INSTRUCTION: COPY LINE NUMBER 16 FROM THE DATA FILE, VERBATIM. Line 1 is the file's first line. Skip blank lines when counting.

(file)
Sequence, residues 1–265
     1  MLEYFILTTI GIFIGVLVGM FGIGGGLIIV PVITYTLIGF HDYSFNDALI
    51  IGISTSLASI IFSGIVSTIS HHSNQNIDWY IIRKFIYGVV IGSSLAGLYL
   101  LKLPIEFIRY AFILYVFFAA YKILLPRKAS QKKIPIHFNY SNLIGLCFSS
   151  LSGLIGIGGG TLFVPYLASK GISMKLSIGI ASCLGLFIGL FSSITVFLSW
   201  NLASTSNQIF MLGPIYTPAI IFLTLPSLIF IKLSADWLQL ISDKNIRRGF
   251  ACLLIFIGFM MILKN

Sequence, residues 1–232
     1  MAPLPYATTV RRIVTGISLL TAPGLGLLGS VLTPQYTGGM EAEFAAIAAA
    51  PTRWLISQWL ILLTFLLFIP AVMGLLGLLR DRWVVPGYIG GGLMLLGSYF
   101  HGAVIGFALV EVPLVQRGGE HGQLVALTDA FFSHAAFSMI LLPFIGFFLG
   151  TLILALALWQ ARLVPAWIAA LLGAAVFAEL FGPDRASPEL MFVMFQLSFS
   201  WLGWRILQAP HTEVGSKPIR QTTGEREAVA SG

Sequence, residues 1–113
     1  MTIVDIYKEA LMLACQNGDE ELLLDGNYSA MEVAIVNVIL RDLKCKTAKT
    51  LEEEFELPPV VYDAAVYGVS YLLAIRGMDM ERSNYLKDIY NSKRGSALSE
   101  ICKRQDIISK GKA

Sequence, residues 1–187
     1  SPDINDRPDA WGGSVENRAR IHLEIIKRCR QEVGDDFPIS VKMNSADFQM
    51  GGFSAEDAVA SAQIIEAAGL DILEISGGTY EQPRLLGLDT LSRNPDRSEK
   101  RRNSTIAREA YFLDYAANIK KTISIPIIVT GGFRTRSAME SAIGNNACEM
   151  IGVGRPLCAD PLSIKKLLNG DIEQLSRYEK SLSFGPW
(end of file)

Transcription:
    51  LEEEFELPPV VYDAAVYGVS YLLAIRGMDM ERSNYLKDIY NSKRGSALSE